xRAPM is not actually RAPM. It is a BPM type box score stat which is why it goes back before the NBA started recording play by play and +/- data in 1997. Some people call box score prior informed RAPM such as RPM xRAPM but that is a totally different stat. Engelmann himself has said he doesn't have pbp data before 2001 so it is not possible for him to calculate 90s RAPM.

TBH, Irving is that high on my list because I feel like I know more about him properly. You can call it recency bias or short time memory if you'd like. Though 2017 Irving was in the top 5% too, he was outperformed by only James in impact metrics. And in terms of regular season numbers, 2017 Cavs (2.9 srs, 3.3 nrtg) and 1996 Cavs (2.5 srs, 3.1 nrtg) were not so different from each other in terms of team +/- unlike 1996 Cavs against 1992 Cavs (5.3 srs, 5.7 nrtg).

Love was rated higher than Kyrie in JE's 2017 RAPM:

Read on Twitter


And if the two teams have comparable SRS and net rating, wouldn't the tiebreaker go to Brandon who was the clear cut best player on his team rather than Kyrie who was playing next to LeBron and Love?
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Re: [Project] Top 5 single season peaks by franchises: The Cavaliers 

Post#18 » by Dutchball97 » Mon May 3, 2021 3:38 pm

LA Bird wrote:
Odinn21 wrote:
LA Bird wrote:Yeah, my bad. Ron Harper is for the Cavs not Bulls.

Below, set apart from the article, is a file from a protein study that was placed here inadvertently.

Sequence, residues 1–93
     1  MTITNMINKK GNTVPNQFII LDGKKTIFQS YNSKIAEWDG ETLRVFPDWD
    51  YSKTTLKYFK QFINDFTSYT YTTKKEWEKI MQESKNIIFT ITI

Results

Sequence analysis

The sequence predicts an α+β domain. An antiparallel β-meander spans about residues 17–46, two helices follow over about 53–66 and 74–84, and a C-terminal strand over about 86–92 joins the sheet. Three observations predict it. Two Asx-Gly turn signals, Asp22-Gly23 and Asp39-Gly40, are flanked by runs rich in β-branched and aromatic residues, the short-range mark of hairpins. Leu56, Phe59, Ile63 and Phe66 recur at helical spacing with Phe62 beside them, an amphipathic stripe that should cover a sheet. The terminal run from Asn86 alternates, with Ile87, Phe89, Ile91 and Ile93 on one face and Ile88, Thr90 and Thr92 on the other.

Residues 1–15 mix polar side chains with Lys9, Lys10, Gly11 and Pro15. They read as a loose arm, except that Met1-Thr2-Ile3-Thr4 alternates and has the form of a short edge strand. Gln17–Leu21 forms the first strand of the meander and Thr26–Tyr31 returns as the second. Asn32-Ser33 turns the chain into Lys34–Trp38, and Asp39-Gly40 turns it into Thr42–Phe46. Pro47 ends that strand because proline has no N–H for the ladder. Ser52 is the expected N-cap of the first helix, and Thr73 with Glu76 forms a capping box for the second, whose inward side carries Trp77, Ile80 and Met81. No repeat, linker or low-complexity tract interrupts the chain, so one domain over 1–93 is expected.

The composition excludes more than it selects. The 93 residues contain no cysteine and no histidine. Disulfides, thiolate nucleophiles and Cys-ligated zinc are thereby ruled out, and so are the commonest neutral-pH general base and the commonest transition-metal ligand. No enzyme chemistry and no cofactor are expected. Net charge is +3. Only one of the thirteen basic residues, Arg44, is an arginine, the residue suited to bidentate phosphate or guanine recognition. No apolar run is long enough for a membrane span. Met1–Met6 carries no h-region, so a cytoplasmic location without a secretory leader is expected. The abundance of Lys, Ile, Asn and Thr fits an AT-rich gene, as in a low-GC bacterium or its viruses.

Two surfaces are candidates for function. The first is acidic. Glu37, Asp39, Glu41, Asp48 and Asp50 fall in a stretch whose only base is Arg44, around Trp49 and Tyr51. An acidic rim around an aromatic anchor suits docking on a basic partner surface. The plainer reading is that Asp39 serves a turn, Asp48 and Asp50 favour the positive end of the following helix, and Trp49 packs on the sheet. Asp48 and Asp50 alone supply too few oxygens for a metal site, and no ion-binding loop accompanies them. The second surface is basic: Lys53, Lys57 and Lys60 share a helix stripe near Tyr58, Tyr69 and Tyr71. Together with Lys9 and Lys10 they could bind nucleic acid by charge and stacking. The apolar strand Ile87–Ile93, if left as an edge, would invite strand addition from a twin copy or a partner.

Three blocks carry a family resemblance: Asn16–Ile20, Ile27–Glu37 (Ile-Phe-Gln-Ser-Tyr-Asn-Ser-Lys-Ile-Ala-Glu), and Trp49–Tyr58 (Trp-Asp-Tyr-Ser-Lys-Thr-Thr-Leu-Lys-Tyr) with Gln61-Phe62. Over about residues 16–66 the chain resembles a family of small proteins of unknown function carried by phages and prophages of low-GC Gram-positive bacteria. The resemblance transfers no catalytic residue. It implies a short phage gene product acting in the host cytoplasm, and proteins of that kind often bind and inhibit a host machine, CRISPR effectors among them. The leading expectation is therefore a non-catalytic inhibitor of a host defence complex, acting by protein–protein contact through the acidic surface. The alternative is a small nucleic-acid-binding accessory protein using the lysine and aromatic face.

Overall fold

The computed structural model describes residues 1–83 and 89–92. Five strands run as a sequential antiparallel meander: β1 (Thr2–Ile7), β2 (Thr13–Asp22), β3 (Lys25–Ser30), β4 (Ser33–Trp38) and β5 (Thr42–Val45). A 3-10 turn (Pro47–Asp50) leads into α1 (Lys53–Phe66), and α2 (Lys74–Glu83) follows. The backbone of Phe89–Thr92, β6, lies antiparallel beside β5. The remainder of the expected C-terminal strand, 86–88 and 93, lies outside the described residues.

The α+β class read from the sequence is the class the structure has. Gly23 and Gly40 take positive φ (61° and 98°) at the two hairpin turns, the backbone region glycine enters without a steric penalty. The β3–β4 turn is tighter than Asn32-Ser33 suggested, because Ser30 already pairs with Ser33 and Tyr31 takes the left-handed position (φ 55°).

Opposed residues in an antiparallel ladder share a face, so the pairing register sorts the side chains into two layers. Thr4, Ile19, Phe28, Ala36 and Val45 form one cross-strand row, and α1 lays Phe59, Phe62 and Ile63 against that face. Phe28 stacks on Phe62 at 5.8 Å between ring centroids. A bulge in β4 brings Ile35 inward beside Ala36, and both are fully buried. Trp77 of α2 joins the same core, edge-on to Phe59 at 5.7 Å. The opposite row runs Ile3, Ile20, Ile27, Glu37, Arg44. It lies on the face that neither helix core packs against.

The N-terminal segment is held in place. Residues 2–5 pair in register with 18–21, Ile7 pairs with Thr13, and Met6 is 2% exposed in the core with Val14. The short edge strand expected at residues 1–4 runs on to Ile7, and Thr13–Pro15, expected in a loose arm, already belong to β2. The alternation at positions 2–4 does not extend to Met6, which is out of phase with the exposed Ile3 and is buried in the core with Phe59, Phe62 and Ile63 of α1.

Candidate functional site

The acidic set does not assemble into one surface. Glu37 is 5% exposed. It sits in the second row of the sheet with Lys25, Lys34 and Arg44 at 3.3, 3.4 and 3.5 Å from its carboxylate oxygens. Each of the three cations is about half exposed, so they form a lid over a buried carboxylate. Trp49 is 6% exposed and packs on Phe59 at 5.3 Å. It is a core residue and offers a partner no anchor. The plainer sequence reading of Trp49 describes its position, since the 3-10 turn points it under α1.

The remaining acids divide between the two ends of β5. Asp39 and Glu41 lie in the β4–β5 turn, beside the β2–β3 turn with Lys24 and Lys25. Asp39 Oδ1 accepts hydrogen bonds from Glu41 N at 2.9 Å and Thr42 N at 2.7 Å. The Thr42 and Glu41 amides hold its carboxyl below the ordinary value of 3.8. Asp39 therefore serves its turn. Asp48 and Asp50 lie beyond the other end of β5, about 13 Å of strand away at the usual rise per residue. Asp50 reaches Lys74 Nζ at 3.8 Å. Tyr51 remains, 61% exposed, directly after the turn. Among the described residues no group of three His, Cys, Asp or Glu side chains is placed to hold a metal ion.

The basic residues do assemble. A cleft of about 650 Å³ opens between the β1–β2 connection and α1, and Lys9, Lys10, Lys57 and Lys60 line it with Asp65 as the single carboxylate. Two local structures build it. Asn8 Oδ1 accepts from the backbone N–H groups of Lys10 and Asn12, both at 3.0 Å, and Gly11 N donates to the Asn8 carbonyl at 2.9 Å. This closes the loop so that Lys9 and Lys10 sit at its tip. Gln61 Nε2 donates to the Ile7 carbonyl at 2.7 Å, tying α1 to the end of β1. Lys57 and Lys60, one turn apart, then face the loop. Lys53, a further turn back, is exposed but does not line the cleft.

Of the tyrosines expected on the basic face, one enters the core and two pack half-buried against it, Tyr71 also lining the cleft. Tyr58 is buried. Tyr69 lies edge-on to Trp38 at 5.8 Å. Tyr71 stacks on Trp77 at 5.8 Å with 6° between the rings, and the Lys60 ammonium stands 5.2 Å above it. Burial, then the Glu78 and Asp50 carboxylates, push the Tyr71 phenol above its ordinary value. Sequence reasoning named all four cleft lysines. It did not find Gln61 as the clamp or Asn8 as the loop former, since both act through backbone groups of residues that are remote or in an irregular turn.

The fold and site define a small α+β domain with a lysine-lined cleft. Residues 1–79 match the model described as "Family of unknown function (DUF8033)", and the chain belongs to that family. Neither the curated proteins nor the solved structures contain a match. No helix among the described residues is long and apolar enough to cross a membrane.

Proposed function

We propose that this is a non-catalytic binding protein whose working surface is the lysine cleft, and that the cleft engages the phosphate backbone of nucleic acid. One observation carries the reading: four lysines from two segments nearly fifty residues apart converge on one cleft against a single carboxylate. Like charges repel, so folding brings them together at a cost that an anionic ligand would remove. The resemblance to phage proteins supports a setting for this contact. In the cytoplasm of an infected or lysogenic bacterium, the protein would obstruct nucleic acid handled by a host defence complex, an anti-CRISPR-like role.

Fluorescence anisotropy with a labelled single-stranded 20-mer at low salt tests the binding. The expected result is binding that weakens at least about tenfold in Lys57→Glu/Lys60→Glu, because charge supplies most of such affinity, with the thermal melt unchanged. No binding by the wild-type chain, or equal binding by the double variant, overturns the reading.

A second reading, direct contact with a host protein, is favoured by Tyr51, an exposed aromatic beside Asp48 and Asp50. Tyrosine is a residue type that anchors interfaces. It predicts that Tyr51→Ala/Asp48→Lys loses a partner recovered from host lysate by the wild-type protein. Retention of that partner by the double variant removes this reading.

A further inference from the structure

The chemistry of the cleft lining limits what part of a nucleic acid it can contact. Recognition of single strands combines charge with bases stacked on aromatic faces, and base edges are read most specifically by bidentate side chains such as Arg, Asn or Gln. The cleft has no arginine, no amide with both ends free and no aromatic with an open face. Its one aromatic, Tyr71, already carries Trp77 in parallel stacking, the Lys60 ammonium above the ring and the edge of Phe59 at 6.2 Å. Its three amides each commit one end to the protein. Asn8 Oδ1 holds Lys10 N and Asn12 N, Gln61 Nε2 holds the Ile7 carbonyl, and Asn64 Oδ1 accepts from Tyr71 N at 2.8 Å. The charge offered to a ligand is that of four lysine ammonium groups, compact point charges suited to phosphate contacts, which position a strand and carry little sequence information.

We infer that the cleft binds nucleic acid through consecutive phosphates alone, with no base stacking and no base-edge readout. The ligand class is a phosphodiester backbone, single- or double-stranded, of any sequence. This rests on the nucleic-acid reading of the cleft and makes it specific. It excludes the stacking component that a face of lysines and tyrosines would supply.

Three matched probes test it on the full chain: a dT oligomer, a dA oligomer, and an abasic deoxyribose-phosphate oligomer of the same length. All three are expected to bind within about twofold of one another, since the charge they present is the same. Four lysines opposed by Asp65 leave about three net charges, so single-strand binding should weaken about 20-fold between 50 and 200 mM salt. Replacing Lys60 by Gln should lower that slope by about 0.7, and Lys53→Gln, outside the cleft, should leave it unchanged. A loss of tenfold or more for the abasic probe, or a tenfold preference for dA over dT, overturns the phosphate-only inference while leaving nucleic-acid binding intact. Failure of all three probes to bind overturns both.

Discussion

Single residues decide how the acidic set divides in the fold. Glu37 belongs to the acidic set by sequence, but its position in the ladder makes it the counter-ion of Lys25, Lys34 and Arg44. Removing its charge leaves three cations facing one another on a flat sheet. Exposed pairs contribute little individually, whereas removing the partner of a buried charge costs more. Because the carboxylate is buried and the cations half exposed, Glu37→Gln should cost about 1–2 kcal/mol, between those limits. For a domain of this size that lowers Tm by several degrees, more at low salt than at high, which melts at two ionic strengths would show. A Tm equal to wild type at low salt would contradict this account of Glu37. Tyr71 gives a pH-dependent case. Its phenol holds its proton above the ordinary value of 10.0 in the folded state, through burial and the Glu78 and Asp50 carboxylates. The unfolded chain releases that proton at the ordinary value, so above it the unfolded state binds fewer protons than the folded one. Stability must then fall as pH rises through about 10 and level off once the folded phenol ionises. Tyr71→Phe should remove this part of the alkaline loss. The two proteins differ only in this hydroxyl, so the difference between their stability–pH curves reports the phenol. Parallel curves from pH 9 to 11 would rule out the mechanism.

Where are you getting 1992 RAPM numbers? And if you are looking at the impact metrics, why not Brandon over Kyrie?

http://web.archive.org/web/20150408042813/http://stats-for-the-nba.appspot.com:80/
I believe this was Engelmann's work before he deleted his website.

xRAPM is not actually RAPM. It is a BPM type box score stat which is why it goes back before the NBA started recording play by play and +/- data in 1997. Some people call box score prior informed RAPM such as RPM xRAPM but that is a totally different stat. Engelmann himself has said he doesn't have pbp data before 2001 so it is not possible for him to calculate 90s RAPM.

TBH, Irving is that high on my list because I feel like I know more about him properly. You can call it recency bias or short time memory if you'd like. Though 2017 Irving was in the top 5% too, he was outperformed by only James in impact metrics. And in terms of regular season numbers, 2017 Cavs (2.9 srs, 3.3 nrtg) and 1996 Cavs (2.5 srs, 3.1 nrtg) were not so different from each other in terms of team +/- unlike 1996 Cavs against 1992 Cavs (5.3 srs, 5.7 nrtg).

Love was rated higher than Kyrie in JE's 2017 RAPM:

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And if the two teams have comparable SRS and net rating, wouldn't the tiebreaker go to Brandon who was the clear cut best player on his team rather than Kyrie who was playing next to LeBron and Love?


That's a fair argument but the play-offs also matter for these rankings and especially when two players are seemingly comparable like Brandon and Irving the play-offs should hold some weight. Terrell Brandon only played 3 play-off games in 96 and his .080 WS/48 suggests a lackluster campaign. I think Kyrie played better in 15, 16 and 17 than Terrell Brandon did in 96, while playing a lot more games (13, 21 and 18 respectively). Brandon losing to the Knicks in the first round itself shouldn't put him behind Kyrie but when he didn't even seem to play well it's hard for me to see the argument for Brandon over Irving.